Asked if he was familiar with Concerned Parents of German Descent, Schroeder testified that he was familiar with the organization and knew that it was founded by Zündel, who was also its chief spokesman. (27-7475)

Schroeder knew Zündel had a worldwide correspondence because he was a stamp collector and was always on the lookout for stamps. He did not know who Zündel corresponded with, however, nor had he tried to read the correspondence. (27-7475)

Schroeder thought Did Six Million Really Die? was published by Zündel sometime in the late 1970s, possibly the beginning of the 1980s. He could not give an exact date. The first pamphlet he bought himself came from England. Zündel at one time offered copies of it to Schroeder for distribution, and this could not have been before the late 1970s or early 1980s. (27- 7476)

He believed Zündel was involved in the publication of UFO's: Nazi Secret Weapon? and knew that Zündel's middle names were Christof Friedrich. His understanding, however, was that the book was originally written in the German language by a Mr. Mattern from Chile. Schroeder had never read The Hitler We Loved and Why. (27-7479, 7480)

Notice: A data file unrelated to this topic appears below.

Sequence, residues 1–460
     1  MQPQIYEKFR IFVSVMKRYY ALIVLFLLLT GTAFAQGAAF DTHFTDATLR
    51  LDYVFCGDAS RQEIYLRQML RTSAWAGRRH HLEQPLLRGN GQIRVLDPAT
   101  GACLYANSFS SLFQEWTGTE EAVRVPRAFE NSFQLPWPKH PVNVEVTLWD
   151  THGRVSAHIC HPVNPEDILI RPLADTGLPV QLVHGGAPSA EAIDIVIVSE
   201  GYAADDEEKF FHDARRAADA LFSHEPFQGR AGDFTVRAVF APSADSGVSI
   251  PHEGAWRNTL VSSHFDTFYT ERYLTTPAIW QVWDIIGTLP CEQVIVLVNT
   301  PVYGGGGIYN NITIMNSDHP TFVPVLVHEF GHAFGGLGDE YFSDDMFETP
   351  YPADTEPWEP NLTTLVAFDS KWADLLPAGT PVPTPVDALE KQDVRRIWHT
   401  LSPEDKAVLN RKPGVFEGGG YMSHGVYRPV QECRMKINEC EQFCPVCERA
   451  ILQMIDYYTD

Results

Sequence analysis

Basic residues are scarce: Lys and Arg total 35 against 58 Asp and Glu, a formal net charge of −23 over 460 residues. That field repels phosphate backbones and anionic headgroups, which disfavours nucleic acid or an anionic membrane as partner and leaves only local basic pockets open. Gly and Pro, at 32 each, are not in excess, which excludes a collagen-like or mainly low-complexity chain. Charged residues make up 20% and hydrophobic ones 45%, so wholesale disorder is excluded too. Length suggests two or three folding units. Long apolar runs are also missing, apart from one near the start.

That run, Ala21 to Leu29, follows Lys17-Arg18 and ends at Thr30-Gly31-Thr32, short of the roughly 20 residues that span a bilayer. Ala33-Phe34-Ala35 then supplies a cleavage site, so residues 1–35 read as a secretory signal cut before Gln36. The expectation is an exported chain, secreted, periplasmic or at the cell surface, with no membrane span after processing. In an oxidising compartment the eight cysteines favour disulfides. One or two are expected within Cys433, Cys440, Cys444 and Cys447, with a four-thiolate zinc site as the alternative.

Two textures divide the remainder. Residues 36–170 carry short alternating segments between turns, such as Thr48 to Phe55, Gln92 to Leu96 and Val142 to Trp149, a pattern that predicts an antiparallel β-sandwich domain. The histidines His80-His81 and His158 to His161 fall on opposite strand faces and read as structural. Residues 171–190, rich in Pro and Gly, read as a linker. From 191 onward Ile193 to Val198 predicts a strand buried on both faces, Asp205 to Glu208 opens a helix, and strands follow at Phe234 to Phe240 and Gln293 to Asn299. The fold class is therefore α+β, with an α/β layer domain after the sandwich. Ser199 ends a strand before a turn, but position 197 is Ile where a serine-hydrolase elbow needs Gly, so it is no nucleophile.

On re-examination, Schroeder testified that he had never heard Zündel speak differently on the Holocaust in public than he did privately. He spoke the same way. (27-7480)

Asked his means of ascertaining the date of publication of Did Six Million Really Die?, Schroeder testified that he had a general feeling it must have been during that period of time but he had no definite knowledge of a year. (27-7480)